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Mr. Culberson's Argument for Appellants.

State of Texas, and the bondholders aforesaid," and this is in effect a suit to restrain the State of Texas, through the commission, from violating the alleged contract by establishing rates which will yield less revenue than that authorized by the act of 1854. It is also said in these opinions that to constitute suits against the State, when its officers are the nominal defendants, the State must have a pecuniary interest involved. Such is this case. The commission law provides penalties for its violation, directs in sections 19 and 21 thereof that the commission shall cause them to be recovered and that they shall be paid into the treasury of the State. The right to these penalties is a property right; they are debts and demands due the State by the companies, and to restrain the commission and the attorney general from recovering them is a denial of the right of the State to collect its debts and reduce its property to possession.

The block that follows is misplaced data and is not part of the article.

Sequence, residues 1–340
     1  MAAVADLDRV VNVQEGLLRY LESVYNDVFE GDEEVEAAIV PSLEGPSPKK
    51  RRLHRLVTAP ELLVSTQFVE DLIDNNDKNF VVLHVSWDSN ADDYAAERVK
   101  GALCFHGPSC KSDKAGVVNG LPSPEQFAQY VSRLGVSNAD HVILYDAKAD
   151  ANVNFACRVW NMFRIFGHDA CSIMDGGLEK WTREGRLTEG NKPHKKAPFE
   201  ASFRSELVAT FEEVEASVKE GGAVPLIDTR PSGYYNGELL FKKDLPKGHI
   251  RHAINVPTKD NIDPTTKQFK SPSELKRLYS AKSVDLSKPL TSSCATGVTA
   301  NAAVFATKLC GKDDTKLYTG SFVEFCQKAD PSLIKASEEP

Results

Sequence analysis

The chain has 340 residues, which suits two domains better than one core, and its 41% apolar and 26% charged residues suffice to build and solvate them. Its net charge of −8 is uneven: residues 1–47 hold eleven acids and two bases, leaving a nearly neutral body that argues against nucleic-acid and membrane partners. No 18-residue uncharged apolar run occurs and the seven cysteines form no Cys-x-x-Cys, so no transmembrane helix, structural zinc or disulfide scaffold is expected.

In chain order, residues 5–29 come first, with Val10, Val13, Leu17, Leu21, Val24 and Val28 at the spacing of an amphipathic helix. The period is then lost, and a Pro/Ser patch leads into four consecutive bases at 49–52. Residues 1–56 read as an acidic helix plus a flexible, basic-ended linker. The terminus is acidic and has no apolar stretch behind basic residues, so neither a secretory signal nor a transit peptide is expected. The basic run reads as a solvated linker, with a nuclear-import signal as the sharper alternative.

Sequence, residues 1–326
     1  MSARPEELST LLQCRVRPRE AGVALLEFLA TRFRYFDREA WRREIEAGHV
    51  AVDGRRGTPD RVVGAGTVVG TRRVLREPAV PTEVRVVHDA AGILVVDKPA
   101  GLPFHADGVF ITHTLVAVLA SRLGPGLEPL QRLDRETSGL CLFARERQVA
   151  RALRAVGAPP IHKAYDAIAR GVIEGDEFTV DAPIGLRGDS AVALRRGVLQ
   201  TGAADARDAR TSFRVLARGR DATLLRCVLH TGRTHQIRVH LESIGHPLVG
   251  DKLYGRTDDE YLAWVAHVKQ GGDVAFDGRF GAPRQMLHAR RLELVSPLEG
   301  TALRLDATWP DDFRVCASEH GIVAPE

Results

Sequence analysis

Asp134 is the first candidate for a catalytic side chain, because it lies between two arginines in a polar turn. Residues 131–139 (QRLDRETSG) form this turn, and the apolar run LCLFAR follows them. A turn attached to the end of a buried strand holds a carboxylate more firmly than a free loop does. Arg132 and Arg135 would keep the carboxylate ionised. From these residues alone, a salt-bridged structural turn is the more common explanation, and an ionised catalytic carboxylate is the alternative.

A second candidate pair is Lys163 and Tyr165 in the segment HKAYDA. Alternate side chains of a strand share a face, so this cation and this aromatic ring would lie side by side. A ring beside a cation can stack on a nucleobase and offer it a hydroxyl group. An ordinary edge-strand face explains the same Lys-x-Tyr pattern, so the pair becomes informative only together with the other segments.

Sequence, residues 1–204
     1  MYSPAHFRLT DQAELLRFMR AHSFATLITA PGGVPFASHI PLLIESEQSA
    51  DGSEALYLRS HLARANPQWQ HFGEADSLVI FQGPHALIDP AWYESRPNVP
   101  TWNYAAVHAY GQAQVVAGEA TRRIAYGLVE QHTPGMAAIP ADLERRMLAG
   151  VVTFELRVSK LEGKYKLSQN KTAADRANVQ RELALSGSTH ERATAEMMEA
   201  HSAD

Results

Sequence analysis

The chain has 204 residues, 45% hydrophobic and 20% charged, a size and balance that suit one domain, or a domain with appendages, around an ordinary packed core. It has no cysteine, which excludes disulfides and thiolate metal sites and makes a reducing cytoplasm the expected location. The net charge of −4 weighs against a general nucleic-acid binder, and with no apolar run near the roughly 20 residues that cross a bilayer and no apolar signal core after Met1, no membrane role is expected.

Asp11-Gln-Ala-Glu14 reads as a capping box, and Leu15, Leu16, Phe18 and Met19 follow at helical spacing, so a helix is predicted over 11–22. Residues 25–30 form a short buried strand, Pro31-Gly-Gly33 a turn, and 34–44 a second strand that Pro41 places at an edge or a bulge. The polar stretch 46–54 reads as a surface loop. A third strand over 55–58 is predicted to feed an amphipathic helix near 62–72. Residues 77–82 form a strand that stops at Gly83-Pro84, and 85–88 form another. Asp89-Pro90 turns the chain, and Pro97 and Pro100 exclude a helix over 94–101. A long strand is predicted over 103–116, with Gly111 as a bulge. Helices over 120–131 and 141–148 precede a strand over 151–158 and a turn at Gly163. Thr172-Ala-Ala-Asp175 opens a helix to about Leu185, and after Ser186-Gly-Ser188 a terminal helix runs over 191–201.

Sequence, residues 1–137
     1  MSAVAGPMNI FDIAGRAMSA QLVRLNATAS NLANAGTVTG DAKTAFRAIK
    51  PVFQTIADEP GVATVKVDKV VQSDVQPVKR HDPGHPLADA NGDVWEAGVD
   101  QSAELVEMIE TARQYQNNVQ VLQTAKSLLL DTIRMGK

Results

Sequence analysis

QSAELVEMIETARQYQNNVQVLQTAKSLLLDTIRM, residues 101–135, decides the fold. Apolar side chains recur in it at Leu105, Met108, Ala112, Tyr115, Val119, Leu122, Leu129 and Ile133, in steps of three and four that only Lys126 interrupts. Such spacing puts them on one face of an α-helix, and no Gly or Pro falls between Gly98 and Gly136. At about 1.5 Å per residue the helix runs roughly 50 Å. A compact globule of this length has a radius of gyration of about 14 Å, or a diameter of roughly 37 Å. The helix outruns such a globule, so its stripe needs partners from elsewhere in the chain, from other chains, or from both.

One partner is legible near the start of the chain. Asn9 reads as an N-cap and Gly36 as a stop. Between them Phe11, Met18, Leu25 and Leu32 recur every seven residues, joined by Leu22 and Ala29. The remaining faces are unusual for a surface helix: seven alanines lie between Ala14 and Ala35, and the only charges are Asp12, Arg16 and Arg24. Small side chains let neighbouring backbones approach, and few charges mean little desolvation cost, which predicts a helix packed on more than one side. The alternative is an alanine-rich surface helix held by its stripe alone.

But the principle of these cases, it is submitted, is too narrow. They lay down the rule that suits, though against officers through whom alone it may perform its sovereign functions, are not against the State unless a contract with the State is involved in the litigation or unless the State has a property interest in the controversy. Such a construction is destructive of the larger purpose of the Eleventh Amendment. From its terms and history it is clear that this purpose was to protect the State against Federal judicial interference with its administrative affairs as well as with its mere property rights. It is thereby declared that the "judicial power shall not be construed to extend to any suit in law or equity" against a State by a citizen of another State. The character of the suit is immaterial (1 Kent Com. 297). The inhibition attaches if by the decree the property rights of the State may be affected or if the State through its officers may be compelled to do or abstain from doing any act in its governmental capacity. It is inconceivable that the people of the United States, at that period intensely watchful and jealous of the rights of the States, intended by this broad and comprehensive amendment to protect the States against judicial interference with their property and leave unprotected the vital, undelegated powers of government.